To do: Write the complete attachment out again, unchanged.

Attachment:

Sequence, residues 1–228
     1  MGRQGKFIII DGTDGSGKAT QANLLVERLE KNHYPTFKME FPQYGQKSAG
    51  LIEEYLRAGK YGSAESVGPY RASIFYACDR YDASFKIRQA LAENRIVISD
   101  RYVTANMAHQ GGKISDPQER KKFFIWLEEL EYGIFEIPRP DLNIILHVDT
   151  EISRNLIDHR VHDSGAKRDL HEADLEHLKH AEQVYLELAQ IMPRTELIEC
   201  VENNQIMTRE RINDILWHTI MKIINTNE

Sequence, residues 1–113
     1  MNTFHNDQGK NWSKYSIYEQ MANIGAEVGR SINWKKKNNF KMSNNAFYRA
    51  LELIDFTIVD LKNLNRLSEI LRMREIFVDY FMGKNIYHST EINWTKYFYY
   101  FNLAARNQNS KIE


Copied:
Sequence, residues 1–228
     1  MGRQGKFIII DGTDGSGKAT QANLLVERLE KNHYPTFKME FPQYGQKSAG
    51  LIEEYLRAGK YGSAESVGPY RASIFYACDR YDASFKIRQA LAENRIVISD
   101  RYVTANMAHQ GGKISDPQER KKFFIWLEEL EYGIFEIPRP DLNIILHVDT
   151  EISRNLIDHR VHDSGAKRDL HEADLEHLKH AEQVYLELAQ IMPRTELIEC
   201  VENNQIMTRE RINDILWHTI MKIINTNE

Sequence, residues 1–113
     1  MNTFHNDQGK NWSKYSIYEQ MANIGAEVGR SINWKKKNNF KMSNNAFYRA
    51  LELIDFTIVD LKNLNRLSEI LRMREIFVDY FMGKNIYHST EINWTKYFYY
   101  FNLAARNQNS KIE